The Rt Hon David Lidington CBE, Minister for the Cabinet Office and Chancellor of the Duchy of Lancaster, attended a roundtable at King’s today to discuss interventions that can eliminate the attainment gap and allow all students and staff to fulfill their potential. The visit marked the Government’s launch of the second phase of the Race Disparity Audit.
The Race Disparity Audit aims to examine how people of different backgrounds are treated across areas including health, education, employment and the criminal justice system. The first phase of the Race Disparity Audit compiled data to demonstrate the way racial bias creates inequality.
Professor Edward Byrne AC, President and Principal of King’s College London: 'Tackling race disparity outcomes is important and we welcome the Minister’s visit to King’s today. I am proud of the diverse international community we have here at King’s, in 2017/18 49% of our undergraduates were from Black, Asian and other ethnic minority backgrounds, and we have the fastest growing population of low-income students in the Russell Group.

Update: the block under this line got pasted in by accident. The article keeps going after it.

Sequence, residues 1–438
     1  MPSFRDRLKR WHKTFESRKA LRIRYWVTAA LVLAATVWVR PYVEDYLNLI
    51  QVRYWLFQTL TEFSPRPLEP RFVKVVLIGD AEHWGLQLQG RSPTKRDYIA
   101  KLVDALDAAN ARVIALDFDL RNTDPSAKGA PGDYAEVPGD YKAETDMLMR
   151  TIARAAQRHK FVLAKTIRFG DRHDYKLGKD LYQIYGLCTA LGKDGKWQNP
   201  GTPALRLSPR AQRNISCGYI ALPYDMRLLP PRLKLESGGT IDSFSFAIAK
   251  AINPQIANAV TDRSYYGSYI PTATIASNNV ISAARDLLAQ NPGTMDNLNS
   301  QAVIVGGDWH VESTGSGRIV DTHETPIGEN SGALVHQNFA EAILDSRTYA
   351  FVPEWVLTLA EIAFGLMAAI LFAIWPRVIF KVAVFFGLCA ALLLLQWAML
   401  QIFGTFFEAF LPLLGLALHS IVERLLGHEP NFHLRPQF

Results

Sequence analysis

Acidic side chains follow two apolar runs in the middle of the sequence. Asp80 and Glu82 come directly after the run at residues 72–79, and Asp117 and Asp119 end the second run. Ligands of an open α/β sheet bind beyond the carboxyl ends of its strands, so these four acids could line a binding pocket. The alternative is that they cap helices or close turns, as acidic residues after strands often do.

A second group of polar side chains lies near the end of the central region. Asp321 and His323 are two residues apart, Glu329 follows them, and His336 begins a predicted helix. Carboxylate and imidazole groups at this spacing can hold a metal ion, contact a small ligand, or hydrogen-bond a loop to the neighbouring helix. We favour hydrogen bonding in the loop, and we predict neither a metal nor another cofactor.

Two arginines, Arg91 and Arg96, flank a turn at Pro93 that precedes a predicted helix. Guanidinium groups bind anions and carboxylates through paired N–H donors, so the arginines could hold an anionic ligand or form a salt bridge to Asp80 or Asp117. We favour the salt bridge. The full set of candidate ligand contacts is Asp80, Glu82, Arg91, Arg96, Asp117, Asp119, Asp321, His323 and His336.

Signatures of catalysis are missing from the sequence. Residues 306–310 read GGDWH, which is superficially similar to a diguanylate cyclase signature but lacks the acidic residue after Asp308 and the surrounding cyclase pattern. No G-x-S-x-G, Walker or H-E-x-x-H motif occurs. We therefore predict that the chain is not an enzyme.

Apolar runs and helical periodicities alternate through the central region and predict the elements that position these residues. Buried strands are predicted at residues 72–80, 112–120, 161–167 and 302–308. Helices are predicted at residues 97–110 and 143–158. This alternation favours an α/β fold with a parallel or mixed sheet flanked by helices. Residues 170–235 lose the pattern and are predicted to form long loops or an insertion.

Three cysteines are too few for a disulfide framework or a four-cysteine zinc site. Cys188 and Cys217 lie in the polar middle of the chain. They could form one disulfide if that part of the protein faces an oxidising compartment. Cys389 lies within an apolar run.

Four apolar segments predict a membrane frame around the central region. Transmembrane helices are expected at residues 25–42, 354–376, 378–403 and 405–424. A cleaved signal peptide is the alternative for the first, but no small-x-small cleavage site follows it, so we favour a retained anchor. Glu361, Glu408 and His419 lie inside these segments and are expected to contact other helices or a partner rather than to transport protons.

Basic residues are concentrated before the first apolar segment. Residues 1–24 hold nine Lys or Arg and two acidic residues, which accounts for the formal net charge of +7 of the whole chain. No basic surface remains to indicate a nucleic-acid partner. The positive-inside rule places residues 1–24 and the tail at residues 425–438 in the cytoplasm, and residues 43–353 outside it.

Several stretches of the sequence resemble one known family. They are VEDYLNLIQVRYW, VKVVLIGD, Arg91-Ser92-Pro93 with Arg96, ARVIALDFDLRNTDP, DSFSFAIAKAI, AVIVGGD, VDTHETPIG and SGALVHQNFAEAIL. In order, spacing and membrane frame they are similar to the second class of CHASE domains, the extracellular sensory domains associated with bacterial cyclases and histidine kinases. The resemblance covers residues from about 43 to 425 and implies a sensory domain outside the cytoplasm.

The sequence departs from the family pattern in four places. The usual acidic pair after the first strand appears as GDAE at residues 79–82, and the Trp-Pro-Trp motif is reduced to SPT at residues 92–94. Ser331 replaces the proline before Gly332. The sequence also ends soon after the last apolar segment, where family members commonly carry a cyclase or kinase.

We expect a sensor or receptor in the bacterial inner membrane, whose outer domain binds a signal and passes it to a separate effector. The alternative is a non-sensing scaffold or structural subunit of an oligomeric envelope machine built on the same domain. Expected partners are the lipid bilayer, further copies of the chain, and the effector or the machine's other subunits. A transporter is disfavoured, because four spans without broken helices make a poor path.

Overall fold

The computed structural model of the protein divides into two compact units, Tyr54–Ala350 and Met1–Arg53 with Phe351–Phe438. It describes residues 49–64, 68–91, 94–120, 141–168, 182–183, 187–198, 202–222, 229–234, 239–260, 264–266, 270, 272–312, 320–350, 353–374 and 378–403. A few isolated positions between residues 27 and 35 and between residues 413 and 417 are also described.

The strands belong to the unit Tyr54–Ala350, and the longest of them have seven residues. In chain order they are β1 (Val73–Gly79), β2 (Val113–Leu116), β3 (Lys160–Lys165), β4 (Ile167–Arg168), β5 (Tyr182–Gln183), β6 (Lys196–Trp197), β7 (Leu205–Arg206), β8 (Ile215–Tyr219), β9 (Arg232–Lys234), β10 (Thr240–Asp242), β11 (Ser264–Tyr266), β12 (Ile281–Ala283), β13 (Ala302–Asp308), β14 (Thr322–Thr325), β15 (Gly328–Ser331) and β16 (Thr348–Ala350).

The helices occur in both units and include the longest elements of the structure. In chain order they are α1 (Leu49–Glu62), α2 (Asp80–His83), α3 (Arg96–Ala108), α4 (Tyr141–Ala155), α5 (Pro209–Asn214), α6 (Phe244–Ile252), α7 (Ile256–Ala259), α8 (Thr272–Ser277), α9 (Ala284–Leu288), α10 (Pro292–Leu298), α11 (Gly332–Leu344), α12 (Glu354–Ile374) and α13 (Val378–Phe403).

'Over the past seven years we have significantly reduced the gap between Black, Asian and Minority Ethnic (BAME) students and non-BAME students achieving a first or 2.1, from 11.1% in 2011/12 to 3.8% in 2017/18. It is great for our staff and students to have the opportunity to engage with Government at such a high level in a pro-active and meaningful way as at the roundtable this morning. I look forward to working further with Government, partners and communities to build on the work we’re already doing to improve student attainment and staff progression, regardless of an individual’s background.'
The Minister heard from a range of King’s staff, students and student union officers, who passionately described their own experiences at King’s. Members of the university’s community including the Diversity and Inclusion team, and Student Success and Social Mobility team shared their experiences of working at King’s.
The Minster praised King’s commitment to race equality, in particular the announcement that for the first time in its history over half of the 2019/20 undergraduate intake are BAME. After the roundtable, he visited KCLSU to hold further discussions with students.
Chancellor of the Duchy of Lancaster David Lidington said:
'I am determined that nobody experiences a worse outcome solely on the grounds of their ethnicity. which is why the Government is making a clear and concerted effort, alongside higher education partners, to tackle these injustices.
'These ethnic disparities in higher education cannot be tackled overnight, but I look forward to seeing meaningful and sustained progress in the higher education sector in the next few years.'